[tahoe-dev] how to write unit tests for multiple introducers

Zooko O'Whielacronx zooko at zooko.com
Fri Jul 2 00:43:56 UTC 2010


Faruq is working on #68 -- decentralized introduction -- for GSoC. He
has written patches which allow a client to subscribe to more than one
introducer, but is having trouble understanding how to write unit
tests of such a thing.

(It is pretty normal for people not to understand how to write unit
tests of things like this: networky and user interfacey things where
it seems at first glance that you need an entire running system to

I'm about to take off for a long weekend of camping (in fact, I'm
halfway up the mountain!), so here are just some quick notes about how
to write such unit tests.

See test_introducer.py

class SystemTest

That is a test that sets up a full system with an introducer and some
servers and a client, and tests that the client learns about the
servers in various conditions.

A good test would be to add a new method named "test_two_introducers"
to that class which sets up two introducers instead of just one. You
might start by copying one of the existing "test_" methods, renaming
it to "test_two_introducers" and then editing it.

However, another even more specific test you could also write would be
to instantiate an instance of src/allmydata/client.py's Client class
(which is the class that your patch touches), after using the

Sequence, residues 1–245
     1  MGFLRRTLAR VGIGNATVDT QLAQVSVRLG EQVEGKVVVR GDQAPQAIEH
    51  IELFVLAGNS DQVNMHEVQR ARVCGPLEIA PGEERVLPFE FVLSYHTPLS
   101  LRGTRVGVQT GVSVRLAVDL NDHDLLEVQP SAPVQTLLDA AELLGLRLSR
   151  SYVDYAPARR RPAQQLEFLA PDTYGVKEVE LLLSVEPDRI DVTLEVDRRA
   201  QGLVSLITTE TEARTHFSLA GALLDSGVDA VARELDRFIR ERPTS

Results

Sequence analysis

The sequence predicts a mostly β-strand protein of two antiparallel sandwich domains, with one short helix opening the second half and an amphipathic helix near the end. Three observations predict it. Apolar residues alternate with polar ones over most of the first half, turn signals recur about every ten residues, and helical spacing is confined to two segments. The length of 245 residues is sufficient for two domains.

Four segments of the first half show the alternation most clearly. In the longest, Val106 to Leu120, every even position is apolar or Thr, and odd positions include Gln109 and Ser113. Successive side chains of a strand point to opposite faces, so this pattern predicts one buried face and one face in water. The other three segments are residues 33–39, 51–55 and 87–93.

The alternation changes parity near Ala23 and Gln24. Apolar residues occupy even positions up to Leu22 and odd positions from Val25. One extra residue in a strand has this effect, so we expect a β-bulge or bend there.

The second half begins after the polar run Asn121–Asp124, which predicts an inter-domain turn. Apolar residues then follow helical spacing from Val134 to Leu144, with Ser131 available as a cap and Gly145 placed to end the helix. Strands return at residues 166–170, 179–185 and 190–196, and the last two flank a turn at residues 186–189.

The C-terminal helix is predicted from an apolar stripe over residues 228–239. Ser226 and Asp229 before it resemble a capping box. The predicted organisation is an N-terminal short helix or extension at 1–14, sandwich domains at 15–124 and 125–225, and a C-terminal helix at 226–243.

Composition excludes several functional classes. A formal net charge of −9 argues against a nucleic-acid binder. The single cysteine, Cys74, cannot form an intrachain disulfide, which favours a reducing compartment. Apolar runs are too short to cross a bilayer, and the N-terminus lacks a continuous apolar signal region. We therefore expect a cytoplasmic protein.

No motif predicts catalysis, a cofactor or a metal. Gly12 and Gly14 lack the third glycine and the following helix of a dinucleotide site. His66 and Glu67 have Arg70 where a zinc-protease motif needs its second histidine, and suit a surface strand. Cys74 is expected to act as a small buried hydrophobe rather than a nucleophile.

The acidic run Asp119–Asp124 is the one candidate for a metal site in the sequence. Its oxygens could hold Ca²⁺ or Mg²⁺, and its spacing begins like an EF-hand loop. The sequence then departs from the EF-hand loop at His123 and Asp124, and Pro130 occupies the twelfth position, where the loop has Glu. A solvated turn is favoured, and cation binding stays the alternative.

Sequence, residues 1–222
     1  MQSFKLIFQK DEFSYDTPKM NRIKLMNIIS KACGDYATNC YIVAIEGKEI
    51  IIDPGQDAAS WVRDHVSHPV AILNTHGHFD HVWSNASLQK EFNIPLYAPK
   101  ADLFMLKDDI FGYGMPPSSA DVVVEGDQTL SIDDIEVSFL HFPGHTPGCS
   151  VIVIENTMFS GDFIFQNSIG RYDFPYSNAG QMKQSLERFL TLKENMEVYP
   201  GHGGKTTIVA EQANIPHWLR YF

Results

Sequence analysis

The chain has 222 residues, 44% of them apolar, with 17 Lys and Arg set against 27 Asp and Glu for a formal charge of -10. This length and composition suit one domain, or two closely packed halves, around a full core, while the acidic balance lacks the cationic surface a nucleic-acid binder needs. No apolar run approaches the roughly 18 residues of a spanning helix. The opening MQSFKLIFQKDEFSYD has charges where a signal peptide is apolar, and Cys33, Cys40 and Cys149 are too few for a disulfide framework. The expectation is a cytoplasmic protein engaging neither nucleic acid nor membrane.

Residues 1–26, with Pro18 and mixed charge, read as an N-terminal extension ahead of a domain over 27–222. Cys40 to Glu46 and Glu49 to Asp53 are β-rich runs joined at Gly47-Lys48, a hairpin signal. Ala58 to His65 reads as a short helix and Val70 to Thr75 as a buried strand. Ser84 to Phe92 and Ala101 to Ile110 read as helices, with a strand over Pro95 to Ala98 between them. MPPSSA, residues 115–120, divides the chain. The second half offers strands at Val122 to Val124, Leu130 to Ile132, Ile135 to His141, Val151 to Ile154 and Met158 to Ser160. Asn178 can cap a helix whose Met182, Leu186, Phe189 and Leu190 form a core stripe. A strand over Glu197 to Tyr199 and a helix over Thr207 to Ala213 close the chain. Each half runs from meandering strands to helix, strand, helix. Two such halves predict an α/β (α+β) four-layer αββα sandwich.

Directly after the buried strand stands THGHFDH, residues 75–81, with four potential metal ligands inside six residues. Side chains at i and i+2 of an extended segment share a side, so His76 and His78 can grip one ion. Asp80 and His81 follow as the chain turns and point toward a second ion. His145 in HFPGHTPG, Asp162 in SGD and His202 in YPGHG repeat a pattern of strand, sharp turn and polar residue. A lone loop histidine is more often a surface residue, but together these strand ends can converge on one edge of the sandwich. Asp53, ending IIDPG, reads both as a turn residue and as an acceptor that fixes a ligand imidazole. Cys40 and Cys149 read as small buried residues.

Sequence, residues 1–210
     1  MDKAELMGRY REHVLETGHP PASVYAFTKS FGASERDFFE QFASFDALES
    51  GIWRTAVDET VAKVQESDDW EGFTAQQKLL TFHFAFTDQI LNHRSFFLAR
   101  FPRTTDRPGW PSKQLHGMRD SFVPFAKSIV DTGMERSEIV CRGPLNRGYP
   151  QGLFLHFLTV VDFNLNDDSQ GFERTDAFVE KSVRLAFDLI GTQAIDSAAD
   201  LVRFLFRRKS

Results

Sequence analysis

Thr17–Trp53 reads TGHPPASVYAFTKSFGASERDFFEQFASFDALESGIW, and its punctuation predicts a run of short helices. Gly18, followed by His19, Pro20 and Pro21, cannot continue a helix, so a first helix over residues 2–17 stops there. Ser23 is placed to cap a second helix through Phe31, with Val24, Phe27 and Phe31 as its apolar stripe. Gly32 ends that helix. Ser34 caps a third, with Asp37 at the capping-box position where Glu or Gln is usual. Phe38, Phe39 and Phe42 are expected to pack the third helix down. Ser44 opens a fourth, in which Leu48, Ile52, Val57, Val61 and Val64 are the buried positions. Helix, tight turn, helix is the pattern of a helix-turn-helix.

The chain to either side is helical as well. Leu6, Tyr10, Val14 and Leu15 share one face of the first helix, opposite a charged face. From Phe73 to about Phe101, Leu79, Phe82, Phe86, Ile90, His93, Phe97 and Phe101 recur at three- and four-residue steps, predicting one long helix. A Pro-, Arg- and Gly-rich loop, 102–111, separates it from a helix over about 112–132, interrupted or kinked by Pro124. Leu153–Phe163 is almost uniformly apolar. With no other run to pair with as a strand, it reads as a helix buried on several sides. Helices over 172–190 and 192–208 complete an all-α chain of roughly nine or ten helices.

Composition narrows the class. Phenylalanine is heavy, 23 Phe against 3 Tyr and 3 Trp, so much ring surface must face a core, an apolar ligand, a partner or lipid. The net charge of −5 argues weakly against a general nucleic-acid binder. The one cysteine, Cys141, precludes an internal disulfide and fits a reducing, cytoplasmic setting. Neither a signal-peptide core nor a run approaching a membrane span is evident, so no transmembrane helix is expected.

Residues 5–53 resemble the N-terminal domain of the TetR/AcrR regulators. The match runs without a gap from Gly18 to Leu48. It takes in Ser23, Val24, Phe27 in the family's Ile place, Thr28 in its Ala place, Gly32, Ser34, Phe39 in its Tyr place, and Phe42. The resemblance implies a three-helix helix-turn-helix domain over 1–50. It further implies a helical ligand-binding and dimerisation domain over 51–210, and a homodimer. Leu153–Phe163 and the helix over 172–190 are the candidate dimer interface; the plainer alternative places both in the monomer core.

mock.patch() function from the mock package to patch the
allmydata.introducer.client.IntroducerClient class and replace it with
a mock object. Then when you instantiate the instance of Client, it
will execute its own init_introducer_client() method, which will
execute the allmydata.introducer.client.IntroducerClient class (which
has actually been replaced by a mock). Then you can test that the
Client instance has the right number of them or executed the right
methods on them or whatever.

Hm, actually walking through that exercise in that paragraph made me
think that your patch could be made more testable if instead of
changing src/allmydata/client.py's Client to have multiple
IntroducerClient objects, it instead changed the IntroducerClient
object to track multiple introducers. Then you could test it by
instantiating an instance of IntroducerClient and asserting that it
correctly uses multiple servers.

If you're going to rewrite your patch to use that latter strategy
(which seems like a good idea at first glance), then you should
probably *first* write a unit test of the new desired behavior of

Okay, chat with you Monday!



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